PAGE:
Bockelman replied that the consultant for the siting study would possess the information Hanneke was concerned about. He said he would incorporate pro-solar statements from the Master Plan and prior council initiatives into the committee charge.
Pam Rooney (District 4) said she would like a tighter time frame so that the town can have a solar bylaw by March 2023; the current draft would merely require a presentation of a proposed bylaw to the council by May 31, 2023. Griesemer also expressed support for moving the deadline for the committee’s report to March 2023. The proposed bylaw would then need public hearings with the Planning Board and Community Resources Committee, and two readings before the town council, before the zoning change could be passed.
Ana Devlin Gauthier (District 5) wants the committee charge to include environmental justice and agricultural concerns related to solar development. She also suggested that relevant department heads, such as the fire chief, be invited to make recommendations to the committee without necessarily being voting members.
Interviews for the working group will be conducted by the Town Manager and his staff in the near future, with suggested appointments being brought to the council for approval.
Energy And Climate Action Committee Presents 2021 Annual Report
In the ECAC’s annual report, chair Laura Draucker and Ciccarello highlighted areas of progress toward meeting the town’s goals of decreasing fossil fuel use by 25% below 2016 figures by 2025. The report urged that all initiatives for climate change be applied with an equal-justice lens. The committee is anxious to move into the implementation phase of decreasing fossil fuel use with the help of grants from the state, the federal government, and American Rescue Plan Act funds. The report stressed that the town should consider the climate future in all town decisions.
African Heritage Reparations Assembly Presents Moving Personal Narratives
AHRA Chair Michele Miller (District 1) reminded the council of its resolution to combat structural racism , passed in December 2020. While the AHRA continues to work toward rectifying past harms to the African American citizens of Amherst, Miller introduced three members of the assembly to give personal testimony. Moving narratives were provided by Hala Lord, Alexis Reed, and Amilcar Shabazz. Reed’s statement can be read in full here.Miller said she will periodically bring back portions of the 2020 resolutions to keep it in the forefront of council meetings.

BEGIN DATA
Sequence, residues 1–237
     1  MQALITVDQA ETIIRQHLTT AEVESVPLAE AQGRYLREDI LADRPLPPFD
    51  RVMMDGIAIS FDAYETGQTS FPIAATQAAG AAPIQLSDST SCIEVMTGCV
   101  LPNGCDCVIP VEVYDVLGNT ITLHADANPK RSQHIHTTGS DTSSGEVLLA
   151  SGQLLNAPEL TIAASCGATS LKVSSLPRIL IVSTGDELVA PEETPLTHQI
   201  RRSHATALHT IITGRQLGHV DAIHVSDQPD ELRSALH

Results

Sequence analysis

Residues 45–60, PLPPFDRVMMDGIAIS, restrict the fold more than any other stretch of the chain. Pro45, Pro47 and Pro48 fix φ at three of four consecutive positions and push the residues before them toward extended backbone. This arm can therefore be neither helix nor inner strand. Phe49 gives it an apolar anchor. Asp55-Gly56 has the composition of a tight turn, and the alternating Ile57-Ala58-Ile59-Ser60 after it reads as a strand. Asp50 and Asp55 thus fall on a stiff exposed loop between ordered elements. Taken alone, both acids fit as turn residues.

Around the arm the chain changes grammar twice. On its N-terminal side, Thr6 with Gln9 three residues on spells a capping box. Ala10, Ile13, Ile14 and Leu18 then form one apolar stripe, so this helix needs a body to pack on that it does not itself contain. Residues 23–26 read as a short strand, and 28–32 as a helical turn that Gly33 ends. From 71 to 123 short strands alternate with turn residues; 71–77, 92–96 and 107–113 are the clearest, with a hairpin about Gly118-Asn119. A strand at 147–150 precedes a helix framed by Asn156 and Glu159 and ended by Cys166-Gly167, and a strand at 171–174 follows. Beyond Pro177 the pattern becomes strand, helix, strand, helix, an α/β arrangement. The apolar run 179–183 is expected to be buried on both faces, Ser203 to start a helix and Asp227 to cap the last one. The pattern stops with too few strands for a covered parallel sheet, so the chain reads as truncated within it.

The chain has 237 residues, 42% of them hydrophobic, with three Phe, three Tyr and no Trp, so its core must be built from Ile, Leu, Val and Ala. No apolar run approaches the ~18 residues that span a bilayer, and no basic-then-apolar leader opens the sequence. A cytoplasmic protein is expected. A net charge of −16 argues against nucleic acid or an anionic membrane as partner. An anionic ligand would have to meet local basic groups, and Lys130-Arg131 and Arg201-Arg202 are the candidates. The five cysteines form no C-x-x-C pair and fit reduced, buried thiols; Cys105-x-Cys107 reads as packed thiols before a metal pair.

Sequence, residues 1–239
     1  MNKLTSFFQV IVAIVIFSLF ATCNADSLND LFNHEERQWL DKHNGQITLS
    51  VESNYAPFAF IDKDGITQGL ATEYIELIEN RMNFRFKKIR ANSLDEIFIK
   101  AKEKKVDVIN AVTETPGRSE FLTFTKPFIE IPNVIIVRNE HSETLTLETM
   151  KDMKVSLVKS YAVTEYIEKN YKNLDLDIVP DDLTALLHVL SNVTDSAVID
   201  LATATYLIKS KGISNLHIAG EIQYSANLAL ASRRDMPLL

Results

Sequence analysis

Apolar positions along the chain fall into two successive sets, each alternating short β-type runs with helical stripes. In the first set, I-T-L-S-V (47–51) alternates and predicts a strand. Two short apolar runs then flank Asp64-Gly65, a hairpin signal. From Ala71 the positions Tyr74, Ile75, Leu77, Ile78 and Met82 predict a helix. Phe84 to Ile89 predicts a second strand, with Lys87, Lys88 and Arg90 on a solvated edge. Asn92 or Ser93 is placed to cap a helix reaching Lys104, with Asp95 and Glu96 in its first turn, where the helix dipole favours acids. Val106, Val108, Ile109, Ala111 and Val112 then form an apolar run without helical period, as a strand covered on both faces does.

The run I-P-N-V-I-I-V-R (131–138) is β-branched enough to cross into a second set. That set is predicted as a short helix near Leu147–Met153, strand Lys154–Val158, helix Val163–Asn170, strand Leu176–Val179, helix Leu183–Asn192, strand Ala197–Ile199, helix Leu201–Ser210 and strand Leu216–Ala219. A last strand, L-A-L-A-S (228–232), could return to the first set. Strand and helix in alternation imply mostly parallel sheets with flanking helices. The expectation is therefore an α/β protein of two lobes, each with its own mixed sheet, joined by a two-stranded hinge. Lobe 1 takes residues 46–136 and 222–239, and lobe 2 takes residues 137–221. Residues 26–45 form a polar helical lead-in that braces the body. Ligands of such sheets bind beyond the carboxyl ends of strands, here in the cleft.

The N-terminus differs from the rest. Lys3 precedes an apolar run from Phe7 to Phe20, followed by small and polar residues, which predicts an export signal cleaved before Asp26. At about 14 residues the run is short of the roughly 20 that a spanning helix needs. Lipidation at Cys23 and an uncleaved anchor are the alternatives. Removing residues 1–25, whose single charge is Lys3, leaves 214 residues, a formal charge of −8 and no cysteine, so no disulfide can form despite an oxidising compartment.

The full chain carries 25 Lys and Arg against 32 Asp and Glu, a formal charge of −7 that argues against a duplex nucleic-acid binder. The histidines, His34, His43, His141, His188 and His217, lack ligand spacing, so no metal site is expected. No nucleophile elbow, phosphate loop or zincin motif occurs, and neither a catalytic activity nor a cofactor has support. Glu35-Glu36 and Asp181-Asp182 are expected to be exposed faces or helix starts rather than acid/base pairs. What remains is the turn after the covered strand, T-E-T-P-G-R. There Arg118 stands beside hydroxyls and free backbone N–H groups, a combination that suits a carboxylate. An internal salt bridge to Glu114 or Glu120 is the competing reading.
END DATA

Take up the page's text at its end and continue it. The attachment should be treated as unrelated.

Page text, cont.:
The AHRA is waiting for the state legislature to pass a bill allowing towns to establish funds for special purposes, which would allow Amherst to disburse funds to members of the community who have been harmed by racism. Although there are other methods for disbursing funds, the bill currently pending at the state level provides the most direct method. Under this provision, the town, with advice from the town attorney, would draft a home rule petition to allow the payment of reparations. Hanneke suggested that State Representative Mindy Domb, a sponsor of the bill, reach out to legislative counsel to help with the drafting of the petition, since the provision would originate at the state level.
A motion was introduced to ask the town manager to advocate for the special legislation and to define reparations as a special purpose so that funds can be paid under a home rule petition. It passed unanimously.
In public comment, Mattea Kramer noted that the charge for the AHRA expires in 15 months, which she feels does not give the committee enough time to complete the reconciliation process it has undertaken and that will require a great deal of community input.
Increase In Rental Registration Fees Recommended
Councilors Hanneke, Miller, Rooney, Cathy Schoen (District 1), and Jennifer Taub (District 3) sponsored a proposal recommending that that the annual fees that landlords pay for rental permits be raised from $100 per parcel to $250 for up to six units, with an additional $150 if an inspection is required.. The fee for an owner-occupied parcel with up to six units , will remain at $100.
The sponsors note that the rental registration bylaw was created in 2014, and fees have not been raised since then. The bylaw states that the town council sets the fee schedule. The council voted unanimously to refer the matter to the Town Services and Outreach Committee and the Finance Committee for consideration.